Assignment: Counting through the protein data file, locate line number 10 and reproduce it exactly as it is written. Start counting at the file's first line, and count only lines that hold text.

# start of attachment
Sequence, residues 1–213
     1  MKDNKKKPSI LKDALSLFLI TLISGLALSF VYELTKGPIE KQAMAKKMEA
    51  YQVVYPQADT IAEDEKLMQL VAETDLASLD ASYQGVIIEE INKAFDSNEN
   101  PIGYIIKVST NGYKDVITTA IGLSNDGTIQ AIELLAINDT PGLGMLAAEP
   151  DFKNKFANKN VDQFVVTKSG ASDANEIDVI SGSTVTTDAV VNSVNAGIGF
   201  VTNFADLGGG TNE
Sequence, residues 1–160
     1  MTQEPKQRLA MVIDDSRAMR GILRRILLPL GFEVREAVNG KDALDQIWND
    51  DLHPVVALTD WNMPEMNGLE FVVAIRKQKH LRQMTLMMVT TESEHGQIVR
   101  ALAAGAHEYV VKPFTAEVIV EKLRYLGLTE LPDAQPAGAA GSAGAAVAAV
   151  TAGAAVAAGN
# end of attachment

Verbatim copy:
   101  ALAAGAHEYV VKPFTAEVIV EKLRYLGLTE LPDAQPAGAA GSAGAAVAAV